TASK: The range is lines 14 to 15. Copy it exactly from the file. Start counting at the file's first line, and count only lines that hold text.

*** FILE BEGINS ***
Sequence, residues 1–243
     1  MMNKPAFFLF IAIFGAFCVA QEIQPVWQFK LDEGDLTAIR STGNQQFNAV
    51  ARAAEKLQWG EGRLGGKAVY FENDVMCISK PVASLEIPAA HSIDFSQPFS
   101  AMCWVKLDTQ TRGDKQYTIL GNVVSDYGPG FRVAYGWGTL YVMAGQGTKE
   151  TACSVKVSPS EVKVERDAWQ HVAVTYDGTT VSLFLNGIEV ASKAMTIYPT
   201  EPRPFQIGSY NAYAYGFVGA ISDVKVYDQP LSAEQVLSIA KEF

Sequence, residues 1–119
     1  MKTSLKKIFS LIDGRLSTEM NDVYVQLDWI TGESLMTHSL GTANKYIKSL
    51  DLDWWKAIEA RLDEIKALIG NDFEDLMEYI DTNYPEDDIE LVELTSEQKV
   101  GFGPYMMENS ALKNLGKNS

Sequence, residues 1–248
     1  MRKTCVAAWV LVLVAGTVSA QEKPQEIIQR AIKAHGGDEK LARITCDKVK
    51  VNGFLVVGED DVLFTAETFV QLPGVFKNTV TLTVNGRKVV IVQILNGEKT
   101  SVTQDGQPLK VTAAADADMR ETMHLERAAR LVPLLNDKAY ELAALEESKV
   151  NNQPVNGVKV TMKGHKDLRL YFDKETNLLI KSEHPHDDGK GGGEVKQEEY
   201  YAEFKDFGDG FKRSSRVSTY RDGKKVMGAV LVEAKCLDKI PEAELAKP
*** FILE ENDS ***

   101  SVTQDGQPLK VTAAADADMR ETMHLERAAR LVPLLNDKAY ELAALEESKV
   151  NNQPVNGVKV TMKGHKDLRL YFDKETNLLI KSEHPHDDGK GGGEVKQEEY